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New book says van Gogh’s death was no suicide

By Agence France-Presse
Wednesday, October 19, 2011 7:36 EDT
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Did Vincent van Gogh, one of the world’s greatest artists despite having sold just one painting in his short and tortured lifetime, commit suicide in 1890 in a wheat field in northern France?

Two American authors are now challenging the theory that the enigmatic post-Impressionist killed himself aged 37, saying he claimed to have attempted suicide to protect two teenaged brothers — one of whom shot him.

Van Gogh, who suffered prolonged bouts of mental illness and depression — he sliced off an ear once — was not contemplating taking his life, Gregory White Smith and Steven Naifeh argue in their new book “Van Gogh: The Life”.

“The version retained is not credible,” Smith said in an interview published in the Dutch newspaper NRC Next.

The duo, who won a Pulitzer Prize for their biography of US artist Jackson Pollock, spent 10 years researching their book, which argues that van Gogh was fatally shot in a farmyard in the town of Auvers-sur-Oise, near Paris.

Their hypothesis — which the head of the Van Gogh museum in Amsterdam calls “spectacular” — has the art world talking.

“I must say, we feel we are in the middle of a whirlwind that we didn’t quite anticipate,” Naifeh told AFP by telephone from South Carolina, where he and Smith live.

“We anticipated this would generate, not quite this level of furore, but certainly some level of furore,” he said.

Naifeh added: “These pieces of evidence came from multiple different sources, and only by putting them all together does this alternative version emerge.”

On the CBS show “60 Minutes,” Naifeh asked: “How did he (Van Gogh) get the gun? Everybody in Auvers knew that he had been in an insane asylum. Pistols were a rarity in rural France. Who would’ve given Vincent van Gogh a gun?”

According to the authors, who had access to family letters and private correspondence, the painter left his boarding house on the fateful day — July 27, 1890 — with paints and easel.

“Why would he have waited just until this moment to end his days?” Naifeh told NRC Next. “He wasn’t going through the most difficult period in his life.

“Does someone paint when he has decided to end his life? It just simply does not hold,” he added.

Van Gogh — portrayed by Kirk Douglas in the 1956 film “Lust for Life” — returned to the boarding house run by the Ravoux family five hours later with a bullet wound and died in the arms of his brother Theo after 30 hours.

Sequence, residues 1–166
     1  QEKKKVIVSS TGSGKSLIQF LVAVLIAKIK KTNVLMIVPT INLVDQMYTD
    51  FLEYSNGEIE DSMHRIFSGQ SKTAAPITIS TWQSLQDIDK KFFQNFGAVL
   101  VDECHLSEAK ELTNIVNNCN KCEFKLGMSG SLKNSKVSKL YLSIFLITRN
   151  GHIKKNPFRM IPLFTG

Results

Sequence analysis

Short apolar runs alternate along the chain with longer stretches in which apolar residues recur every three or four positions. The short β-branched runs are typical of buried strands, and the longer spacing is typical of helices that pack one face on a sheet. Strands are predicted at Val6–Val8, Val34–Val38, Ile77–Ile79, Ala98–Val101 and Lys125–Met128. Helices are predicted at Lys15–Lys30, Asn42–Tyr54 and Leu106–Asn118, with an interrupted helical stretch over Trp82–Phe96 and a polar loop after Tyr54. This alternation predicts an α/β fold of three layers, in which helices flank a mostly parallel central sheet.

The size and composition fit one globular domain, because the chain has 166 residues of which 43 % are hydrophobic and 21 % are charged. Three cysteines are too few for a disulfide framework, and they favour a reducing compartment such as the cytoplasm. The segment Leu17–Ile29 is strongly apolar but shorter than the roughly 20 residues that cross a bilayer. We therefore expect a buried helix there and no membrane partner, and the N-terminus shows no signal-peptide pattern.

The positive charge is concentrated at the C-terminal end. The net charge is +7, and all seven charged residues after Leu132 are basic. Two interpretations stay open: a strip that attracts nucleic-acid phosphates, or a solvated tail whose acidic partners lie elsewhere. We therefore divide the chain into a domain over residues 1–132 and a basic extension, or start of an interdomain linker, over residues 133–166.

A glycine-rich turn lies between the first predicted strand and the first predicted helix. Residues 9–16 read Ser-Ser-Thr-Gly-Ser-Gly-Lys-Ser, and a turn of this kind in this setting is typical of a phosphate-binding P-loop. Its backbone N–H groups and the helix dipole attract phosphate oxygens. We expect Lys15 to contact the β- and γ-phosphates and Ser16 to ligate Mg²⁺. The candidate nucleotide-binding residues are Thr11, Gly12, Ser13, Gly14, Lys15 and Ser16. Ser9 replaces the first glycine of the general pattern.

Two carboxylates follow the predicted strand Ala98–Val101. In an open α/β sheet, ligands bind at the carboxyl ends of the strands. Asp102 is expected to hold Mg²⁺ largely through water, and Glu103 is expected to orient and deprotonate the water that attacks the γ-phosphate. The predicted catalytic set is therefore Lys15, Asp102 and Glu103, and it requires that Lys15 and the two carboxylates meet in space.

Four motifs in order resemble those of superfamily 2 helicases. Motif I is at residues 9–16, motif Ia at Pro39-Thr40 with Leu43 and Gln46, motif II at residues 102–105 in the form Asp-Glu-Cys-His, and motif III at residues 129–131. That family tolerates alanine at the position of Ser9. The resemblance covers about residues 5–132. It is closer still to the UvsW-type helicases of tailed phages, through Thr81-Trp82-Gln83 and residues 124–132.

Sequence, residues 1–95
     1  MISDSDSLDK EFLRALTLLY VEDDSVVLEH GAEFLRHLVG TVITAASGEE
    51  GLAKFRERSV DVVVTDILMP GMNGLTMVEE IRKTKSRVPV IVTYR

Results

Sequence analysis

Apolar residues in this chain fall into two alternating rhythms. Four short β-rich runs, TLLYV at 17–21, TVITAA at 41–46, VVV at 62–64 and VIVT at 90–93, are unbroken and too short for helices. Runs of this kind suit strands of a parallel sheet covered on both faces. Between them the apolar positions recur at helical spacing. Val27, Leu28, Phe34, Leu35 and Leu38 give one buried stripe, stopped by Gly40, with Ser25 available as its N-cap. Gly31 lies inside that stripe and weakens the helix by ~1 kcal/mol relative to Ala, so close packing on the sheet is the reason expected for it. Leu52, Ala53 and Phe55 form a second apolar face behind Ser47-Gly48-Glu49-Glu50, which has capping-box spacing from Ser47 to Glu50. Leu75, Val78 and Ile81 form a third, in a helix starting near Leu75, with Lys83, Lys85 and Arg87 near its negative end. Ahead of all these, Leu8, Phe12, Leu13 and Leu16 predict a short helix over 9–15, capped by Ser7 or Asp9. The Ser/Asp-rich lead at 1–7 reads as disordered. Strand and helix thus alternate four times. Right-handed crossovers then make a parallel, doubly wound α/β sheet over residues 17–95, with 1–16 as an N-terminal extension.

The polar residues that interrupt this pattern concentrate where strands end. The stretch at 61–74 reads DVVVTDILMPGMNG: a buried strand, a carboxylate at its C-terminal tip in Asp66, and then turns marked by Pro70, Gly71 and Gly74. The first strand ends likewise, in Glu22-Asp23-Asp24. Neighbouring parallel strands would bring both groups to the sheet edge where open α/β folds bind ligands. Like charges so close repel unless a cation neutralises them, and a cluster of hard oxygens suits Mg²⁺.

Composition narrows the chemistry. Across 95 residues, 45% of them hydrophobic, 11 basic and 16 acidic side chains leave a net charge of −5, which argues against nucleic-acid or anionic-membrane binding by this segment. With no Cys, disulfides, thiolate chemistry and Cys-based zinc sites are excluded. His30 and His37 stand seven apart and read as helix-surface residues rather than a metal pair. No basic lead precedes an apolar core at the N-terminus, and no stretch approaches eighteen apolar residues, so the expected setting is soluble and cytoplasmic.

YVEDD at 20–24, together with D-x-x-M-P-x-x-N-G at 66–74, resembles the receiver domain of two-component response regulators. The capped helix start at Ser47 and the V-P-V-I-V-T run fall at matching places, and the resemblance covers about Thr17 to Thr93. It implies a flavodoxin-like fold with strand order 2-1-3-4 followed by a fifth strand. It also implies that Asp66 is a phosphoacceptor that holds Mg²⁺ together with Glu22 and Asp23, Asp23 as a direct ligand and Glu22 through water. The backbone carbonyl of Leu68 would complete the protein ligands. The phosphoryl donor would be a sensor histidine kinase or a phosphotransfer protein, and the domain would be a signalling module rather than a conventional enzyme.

Smith said doctors at the time reported the bullet entered at a “crazy angle”. The gun and his painting supplies from that day have never been found.

The authors argue that van Gogh was shot, probably accidentally, by one of the Secretan brothers. They say one of them alleged that the artist had stolen his pistol.

When asked by police whether he had committed suicide, he is said to have replied from his deathbed: “I believe so. Don’t accuse anybody else… it is I who wanted to kill myself.”

According to the daughter of the boarding house owner — who was 13 at the time of van Gogh’s death — the painter replied “yes” when a doctor asked him if he had taken his own life.

Naifeh told CBS: “What the evidence points to is that this incident took place not in the wheat fields, but in a farmyard on the Rue Boucher. That it involved these two boys.

“And that it was either an accident or a deliberate act. Was it playing cowboy in some way that went awry? Was it teasing with the gun with Vincent lunging out? It’s hard to know what went on at that moment.”

The Van Gogh museum in Amsterdam — which had extended cooperation to the two authors — said the new theory was “interesting” but added it was premature to discard the long-held suicide theory.

Museum curator Leo Jansen said “there are still questions without answers regarding the suicide of Van Gogh,” but noted that the “spectacular” theory proposed by the two US writers also leaves “some questions unanswered”.

“The two authors have not found new facts, they have just interpreted them differently,” he said, also questioning why van Gogh would protect two boys “who never stopped bothering and teasing him?”

Naifeh said he believed “a couple of kids had shot Vincent van Gogh and he decided to basically protect them and accept this as the way to die. These kids had basically done him the favor of shooting him.

“He knew that he was a burden to Theo. So there’s something wonderfully sweet and touching about the fact that Vincent would accept death partly to end his own misery. But even more so to take this terrible burden off of his beloved ill brother’s shoulders.”

But Van Gogh — who once wrote that he would never amount to anything as a painter, and whose works now are among the most expensive pieces of art — would not have become the legend had he lived a normal life, leftist Dutch De Volkskrant daily said in an editorial on Tuesday.

“If Vincent van Gogh died of old age at the age of 80 in 1933, bathed in glory and in possession of both his ears, he would never have become the myth that he is today,” it said.

“His psychosis, his depressions, his errors and their manifestations — an ear severed, suicide — are as much the integral history of ‘Vincent van Gogh’ as the cypresses and wheat fields” he famously painted, it said.

Agence France-Presse
Agence France-Presse
AFP journalists cover wars, conflicts, politics, science, health, the environment, technology, fashion, entertainment, the offbeat, sports and a whole lot more in text, photographs, video, graphics and online.
 
 
 
 
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